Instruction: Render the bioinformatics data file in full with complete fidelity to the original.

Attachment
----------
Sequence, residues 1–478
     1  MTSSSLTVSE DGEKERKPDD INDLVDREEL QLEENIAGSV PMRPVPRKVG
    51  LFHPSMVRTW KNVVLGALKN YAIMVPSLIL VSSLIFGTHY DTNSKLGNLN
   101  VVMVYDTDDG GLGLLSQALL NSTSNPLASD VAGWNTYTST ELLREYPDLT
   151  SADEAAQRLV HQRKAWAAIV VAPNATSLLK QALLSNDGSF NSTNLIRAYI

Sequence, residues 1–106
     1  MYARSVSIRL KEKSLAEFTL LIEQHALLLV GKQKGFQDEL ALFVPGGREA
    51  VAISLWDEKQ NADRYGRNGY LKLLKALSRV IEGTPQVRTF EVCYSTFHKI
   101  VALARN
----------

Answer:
Sequence, residues 1–478
     1  MTSSSLTVSE DGEKERKPDD INDLVDREEL QLEENIAGSV PMRPVPRKVG
    51  LFHPSMVRTW KNVVLGALKN YAIMVPSLIL VSSLIFGTHY DTNSKLGNLN
   101  VVMVYDTDDG GLGLLSQALL NSTSNPLASD VAGWNTYTST ELLREYPDLT
   151  SADEAAQRLV HQRKAWAAIV VAPNATSLLK QALLSNDGSF NSTNLIRAYI

Sequence, residues 1–106
     1  MYARSVSIRL KEKSLAEFTL LIEQHALLLV GKQKGFQDEL ALFVPGGREA
    51  VAISLWDEKQ NADRYGRNGY LKLLKALSRV IEGTPQVRTF EVCYSTFHKI
   101  VALARN